Special Purpose Vehicles (SPVs) are in the news these days what with the banks and FIs and the corporates using this powerful tools for various purposes.

Banks and FIs and financial companies use this for undertaking off balance sheet financing or for hiving off their slow moving assets, while corporates are using this tool for funding their acquisitions e.g. TATA – Corus deal.

The use of SPVs originated in the US of A in the 1980s as a method of undertaking tax efficient transactions by establishing companies in tax havens like Cayman islands or Isle of Mann / Gibraltar etc.

However with the passage of time the usage of this product has spread across the globe and for varied uses other than tax efficient transactions.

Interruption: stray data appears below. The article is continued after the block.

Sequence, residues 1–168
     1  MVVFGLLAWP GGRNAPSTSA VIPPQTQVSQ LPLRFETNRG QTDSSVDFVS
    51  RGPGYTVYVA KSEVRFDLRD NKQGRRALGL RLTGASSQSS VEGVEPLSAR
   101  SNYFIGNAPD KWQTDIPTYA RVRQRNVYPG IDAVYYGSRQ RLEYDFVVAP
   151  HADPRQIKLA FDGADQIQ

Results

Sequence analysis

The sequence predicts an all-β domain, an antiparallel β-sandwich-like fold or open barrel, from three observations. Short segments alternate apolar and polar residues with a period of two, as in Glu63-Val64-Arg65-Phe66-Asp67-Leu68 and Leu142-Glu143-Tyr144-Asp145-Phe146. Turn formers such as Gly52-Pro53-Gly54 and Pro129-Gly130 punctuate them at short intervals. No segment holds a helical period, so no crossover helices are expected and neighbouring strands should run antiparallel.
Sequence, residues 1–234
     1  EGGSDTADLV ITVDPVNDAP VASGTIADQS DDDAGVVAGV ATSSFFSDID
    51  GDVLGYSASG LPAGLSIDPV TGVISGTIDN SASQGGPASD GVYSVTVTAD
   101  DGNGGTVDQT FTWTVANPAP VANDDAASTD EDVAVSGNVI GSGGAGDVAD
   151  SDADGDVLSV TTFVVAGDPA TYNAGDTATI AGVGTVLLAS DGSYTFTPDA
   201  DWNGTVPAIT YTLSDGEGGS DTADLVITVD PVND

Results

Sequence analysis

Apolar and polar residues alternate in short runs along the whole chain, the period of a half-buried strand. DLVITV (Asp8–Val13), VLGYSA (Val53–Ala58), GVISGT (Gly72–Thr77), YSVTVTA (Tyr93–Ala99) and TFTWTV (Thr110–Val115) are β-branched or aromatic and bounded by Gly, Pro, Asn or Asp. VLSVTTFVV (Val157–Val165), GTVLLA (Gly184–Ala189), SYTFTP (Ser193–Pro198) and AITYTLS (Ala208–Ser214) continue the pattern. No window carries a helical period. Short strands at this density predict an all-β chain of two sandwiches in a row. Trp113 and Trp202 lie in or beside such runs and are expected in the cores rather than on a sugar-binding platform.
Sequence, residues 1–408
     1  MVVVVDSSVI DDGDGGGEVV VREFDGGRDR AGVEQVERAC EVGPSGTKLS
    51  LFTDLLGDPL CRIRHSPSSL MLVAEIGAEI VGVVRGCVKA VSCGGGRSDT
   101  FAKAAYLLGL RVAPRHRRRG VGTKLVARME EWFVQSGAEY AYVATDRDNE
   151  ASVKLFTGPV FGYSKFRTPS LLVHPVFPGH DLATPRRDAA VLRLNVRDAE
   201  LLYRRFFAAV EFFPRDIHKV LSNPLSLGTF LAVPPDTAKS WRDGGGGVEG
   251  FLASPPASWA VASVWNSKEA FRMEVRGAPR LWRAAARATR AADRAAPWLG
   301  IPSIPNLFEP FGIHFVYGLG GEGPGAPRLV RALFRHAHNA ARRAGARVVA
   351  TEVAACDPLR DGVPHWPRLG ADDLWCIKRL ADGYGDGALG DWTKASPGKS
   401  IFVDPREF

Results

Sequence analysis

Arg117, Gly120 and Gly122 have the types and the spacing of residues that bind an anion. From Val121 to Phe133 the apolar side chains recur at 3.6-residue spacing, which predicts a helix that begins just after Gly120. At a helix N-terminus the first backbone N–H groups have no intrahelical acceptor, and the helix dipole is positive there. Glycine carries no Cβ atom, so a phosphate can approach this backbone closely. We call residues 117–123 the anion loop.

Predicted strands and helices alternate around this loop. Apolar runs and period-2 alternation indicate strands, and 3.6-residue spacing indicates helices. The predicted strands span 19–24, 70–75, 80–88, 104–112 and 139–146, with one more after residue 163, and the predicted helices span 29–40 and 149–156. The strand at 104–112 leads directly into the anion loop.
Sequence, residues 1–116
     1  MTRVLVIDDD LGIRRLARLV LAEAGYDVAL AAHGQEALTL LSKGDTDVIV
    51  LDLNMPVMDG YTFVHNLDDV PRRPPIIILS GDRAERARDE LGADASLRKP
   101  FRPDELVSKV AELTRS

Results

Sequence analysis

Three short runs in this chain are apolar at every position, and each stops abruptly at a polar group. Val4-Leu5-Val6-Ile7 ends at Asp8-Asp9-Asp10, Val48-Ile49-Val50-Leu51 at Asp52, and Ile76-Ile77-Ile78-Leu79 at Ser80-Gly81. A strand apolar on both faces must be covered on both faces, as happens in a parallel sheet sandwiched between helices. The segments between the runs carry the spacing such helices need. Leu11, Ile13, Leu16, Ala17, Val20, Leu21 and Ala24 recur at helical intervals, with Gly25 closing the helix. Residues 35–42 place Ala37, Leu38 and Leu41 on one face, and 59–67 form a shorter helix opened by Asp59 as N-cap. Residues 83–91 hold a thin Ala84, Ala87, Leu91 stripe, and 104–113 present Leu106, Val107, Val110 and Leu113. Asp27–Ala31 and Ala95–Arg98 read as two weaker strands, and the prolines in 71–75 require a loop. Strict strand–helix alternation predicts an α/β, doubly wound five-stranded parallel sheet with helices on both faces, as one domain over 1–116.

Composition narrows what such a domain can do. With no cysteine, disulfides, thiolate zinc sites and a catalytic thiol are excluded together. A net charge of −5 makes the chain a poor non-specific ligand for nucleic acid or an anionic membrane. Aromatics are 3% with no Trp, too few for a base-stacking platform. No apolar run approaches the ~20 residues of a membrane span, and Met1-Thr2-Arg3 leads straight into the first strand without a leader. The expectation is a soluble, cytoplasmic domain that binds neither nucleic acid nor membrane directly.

So what is an SPV?
An SPV is a firm or legal entity established to perform some narrowly-defined or temporary purpose. The sponsoring firm accomplishes that purpose without having to carry any of the associated assets or liabilities on its own balance sheet. The purpose is achieved “off-balance sheet.”

Usage of SPV
From the initial use of the SPV to enhance tax efficiency, SPVs are now used for a wide variety of transactions as the financial markets have become more and more sophisticated:
               Securitising loan portfolios of a bank
               Securitising financial assets such as:
               Auto loans
               Credit card and hire purchase receivables
               Finance leases
               Aircraft operating leases
               Real estate mortgages
              Aircraft and ship financing
              Catastrophe bond issues (CAT Bonds – I will be writing on this shortly)
              Specialised financing deals, such as Ijara financing (Ijara financing will be covered in another discussion in this blog)

How is the tool of SPV used?